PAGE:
Several years ago, there was a children's song called "Input Output," that atempted to teach children ( and parents) the importance of the stimuli they allow into their world. I was reminded of this song when I read recent research finding that motication, creativity, openness and exploration can be contagious. The experiment, conducted at The University of Rochester, assigned participants a project to work on. They then randomly placed participants with either a highly motivated individual or a low motivated individual. Those who were placed with the hilghly motivated individual experienced dwindlying participation and lower performance. This was not surprising to me, however, what I gound interesting was that neither group was able to identify the influence of the hilghly motivated or low motivated individual. This means, without conscious awareness, participants' motivation, openness and creativity were unconsciously influenced by some randome individual in their environment.
Our brains are wired for mimicking others, whether this be through direct contact, watching vidoes or television, reading books, or listening to music. This is why its so important to eliminate or limit our exposure to all toxic stimuli. Although we may not be consciously aware of their influence on our emotions, attitudes and behaviors, everyone with whom we come into contact (in every venue) influences us in some way. Some of you may be aware of how certain music instills feelings of sadness, anger or elation, or how a horror movie evokes anxiety and fear, and most of us are familiar with the saying "Smile, it's contagious!" You may even streer clear of horror movies or music that speaks to your dark side. But how do you streer clear of the environmental contagions that affect you on a sub-conscious level?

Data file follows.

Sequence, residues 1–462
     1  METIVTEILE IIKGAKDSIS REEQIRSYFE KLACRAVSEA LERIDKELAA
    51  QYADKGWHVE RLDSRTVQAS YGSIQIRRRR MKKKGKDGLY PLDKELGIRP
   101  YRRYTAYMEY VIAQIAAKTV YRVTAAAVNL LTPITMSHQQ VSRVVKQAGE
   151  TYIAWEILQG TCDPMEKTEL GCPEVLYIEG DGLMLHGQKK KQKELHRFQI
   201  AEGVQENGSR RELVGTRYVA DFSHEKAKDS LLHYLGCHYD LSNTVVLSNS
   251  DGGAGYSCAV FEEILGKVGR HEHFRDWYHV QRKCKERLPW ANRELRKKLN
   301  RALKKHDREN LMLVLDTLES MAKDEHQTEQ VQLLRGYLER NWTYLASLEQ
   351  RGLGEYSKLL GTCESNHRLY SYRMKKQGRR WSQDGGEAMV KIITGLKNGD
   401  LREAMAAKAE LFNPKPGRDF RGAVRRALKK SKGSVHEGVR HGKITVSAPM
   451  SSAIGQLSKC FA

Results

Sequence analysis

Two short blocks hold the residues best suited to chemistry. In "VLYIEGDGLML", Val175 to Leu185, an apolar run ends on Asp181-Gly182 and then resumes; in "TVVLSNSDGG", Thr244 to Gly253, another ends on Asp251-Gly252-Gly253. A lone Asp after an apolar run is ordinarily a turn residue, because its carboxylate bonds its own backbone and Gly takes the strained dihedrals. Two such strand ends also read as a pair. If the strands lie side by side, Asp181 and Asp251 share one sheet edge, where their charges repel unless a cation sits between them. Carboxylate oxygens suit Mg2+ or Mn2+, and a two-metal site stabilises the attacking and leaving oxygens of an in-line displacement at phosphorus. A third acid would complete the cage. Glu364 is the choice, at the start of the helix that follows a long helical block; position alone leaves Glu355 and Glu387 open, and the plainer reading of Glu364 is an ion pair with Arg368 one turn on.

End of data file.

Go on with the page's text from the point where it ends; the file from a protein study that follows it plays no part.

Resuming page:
In our book, Love With Intention , we discuss the importance of applying intention t your relationships. We describe intention as a moment to moment awareness, and conscious choices made through this awareness. In the chapter on mindfulness, we share how to tune into unconcsious influences. One of the earliers signs of toxic stimuli, whether it be interanl or external, is through your body. Your body is like an unconscious radar. If you pay attention to the physical signs your body is giving you, you can become more consciously aware of the negative influences in your life. Do you beomce fidgety around an anxious co-worker? Do you get that sinking feeling in your gut when you think about going to visit your sister? Do you feel tightness in your facial muscles when you listen to a song about resentfulness? These are all signs of unconscious (and maybe some conscious) awareness of toxic stimuli. In some cases, this can be eliminated, such as making different music choices or limiting exposure to the news. Other times, when these feelings are associated with loved ones, we may need to set limits on our time with these individual, or learn some effective strategies for coping with the individual or situation. You may need to seek professional help with setting limits and developing healthy coping strategies, as it is not always easy (if it were, you would have done it already). In the long run, if you remain mindful and make conscious choices for protecting your emotional health, we believe you will find greater enjoyment and fulfilment in your life.
by Trish Carter, LIMHP, LPC, BCN